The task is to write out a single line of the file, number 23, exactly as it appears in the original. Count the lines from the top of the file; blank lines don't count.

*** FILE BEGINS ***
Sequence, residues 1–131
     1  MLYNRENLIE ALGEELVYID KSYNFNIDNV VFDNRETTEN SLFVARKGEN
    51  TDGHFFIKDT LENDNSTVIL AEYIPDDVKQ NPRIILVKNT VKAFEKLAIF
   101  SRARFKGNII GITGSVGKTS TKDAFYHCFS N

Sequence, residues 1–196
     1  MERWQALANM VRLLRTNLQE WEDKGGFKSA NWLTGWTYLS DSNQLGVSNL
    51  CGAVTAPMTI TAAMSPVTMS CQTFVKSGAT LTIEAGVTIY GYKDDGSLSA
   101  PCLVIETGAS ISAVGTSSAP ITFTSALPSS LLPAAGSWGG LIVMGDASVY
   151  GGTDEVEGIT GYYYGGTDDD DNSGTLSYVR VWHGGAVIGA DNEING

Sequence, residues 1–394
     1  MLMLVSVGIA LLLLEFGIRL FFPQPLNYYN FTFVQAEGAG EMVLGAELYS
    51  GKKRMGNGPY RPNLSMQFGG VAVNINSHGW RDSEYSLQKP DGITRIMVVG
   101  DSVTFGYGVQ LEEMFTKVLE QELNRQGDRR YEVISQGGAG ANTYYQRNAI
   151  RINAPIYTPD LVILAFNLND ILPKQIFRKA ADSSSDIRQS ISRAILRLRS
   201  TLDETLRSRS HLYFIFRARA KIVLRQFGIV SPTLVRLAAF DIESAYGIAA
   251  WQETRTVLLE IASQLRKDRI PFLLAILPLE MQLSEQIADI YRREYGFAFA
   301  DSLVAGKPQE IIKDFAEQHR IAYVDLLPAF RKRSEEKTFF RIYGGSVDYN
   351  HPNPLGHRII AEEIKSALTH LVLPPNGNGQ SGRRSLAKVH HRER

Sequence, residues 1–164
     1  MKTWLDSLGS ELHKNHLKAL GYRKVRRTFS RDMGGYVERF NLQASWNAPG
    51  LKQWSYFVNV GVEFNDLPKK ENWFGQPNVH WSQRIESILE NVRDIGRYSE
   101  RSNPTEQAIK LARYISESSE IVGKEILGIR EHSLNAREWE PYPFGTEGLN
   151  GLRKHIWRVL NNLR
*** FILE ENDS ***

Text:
   151  GLRKHIWRVL NNLR